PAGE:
Then it dawned on me. “And they have a Beacon.” They had someone who could speak telepathically over distance and who, thanks to my training, would be able to glance into my thoughts.

Salisir sighed in relief but then held his hands up. “Don’t you start guessing at shit. You can’t know anything until you get sealed back up, you hear? It’s possible. There are those that can do it and protect your mind, but you’ll have to find one on your own.”

My mother is the Beacon of the Second Order, I said. Was that why she worked so hard to get me exiled? Is she one who was compromised? Salisir literally put his hands over his ears and shouted. “Stop! I can’t tell you anything. I probably already said too much. If you walk back into the Empire, assuming they don’t kill you on sight, they’ll send someone to see if you know. See what you know. If that person senses something amiss, if they mark you as a threat, you’ll be done.”

I’ll be done no matter what I do, I said. If I go back they’ll put me on trial again.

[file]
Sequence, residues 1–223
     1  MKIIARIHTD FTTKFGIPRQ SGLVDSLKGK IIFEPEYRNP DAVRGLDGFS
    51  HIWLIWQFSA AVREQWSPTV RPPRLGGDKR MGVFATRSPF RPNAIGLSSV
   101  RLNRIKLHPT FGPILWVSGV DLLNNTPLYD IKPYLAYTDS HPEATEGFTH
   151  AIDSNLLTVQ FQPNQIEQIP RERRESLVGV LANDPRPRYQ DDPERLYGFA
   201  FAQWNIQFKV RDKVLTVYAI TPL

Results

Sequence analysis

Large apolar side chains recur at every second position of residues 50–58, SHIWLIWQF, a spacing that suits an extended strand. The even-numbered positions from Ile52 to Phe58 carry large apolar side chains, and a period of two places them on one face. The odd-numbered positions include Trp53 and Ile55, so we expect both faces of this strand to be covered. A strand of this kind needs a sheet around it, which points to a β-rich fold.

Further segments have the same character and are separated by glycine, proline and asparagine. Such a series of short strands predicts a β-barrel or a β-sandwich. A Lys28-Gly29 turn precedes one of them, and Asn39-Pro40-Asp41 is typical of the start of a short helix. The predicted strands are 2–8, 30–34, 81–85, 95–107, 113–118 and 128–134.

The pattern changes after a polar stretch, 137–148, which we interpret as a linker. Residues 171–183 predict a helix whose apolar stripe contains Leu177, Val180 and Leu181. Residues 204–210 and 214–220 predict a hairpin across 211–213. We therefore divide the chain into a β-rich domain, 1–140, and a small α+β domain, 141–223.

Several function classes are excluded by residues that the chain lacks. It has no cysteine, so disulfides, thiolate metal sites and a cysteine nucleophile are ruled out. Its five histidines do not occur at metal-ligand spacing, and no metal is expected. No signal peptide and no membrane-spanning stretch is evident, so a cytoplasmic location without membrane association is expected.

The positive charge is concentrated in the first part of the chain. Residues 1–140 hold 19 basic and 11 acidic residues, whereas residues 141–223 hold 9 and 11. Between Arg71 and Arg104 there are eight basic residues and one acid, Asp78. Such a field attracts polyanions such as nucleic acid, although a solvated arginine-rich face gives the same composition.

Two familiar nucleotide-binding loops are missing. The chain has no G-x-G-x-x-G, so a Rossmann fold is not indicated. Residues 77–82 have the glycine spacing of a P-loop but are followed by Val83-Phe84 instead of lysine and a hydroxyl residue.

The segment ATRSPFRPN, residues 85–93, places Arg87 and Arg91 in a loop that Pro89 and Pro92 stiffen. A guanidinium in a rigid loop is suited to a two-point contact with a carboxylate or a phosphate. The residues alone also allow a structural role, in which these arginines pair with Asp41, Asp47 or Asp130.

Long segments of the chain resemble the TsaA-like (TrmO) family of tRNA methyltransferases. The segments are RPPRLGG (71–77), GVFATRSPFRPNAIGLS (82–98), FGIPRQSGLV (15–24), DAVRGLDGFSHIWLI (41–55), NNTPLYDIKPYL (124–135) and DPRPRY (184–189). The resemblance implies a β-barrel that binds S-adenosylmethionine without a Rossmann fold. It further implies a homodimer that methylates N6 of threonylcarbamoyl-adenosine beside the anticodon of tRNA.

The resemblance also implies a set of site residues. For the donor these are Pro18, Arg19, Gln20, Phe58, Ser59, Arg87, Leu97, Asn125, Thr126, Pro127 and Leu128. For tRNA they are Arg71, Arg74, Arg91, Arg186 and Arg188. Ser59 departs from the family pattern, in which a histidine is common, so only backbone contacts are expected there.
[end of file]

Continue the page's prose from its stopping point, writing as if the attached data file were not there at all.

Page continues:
“Then stay the hell away from Sterling until you know who it is you face. Until you find someone who can patch your mind and keep the bloody Beacons out. You go back, even if you have to go back alone, and you find those bastards.”

His wife and child keep him at bay, I noted, how could he know if they’re even still alive?

“I get reports from time to time,” he said. “It’s not much, nor is it regular, but they were alive two years ago. They’d mount an army to stop me in any case because unlike you, I do know who they are. They’ll never let me back alive.”

I’d never wanted the ability to read minds so badly before. I couldn’t ask him, but now it plagues me. Who are these people? If I fear anyone in this world it is my mother, and to think her a true enemy is beyond chilling. Who in the First Order is compromised?

So many questions and no answers for me tonight. Salisir extracted himself from the conversation as quickly as he could, parting with the insistence that I leave as soon as possible. It’s my turn to be the outsider, he said. It’s up to me to stem the tide.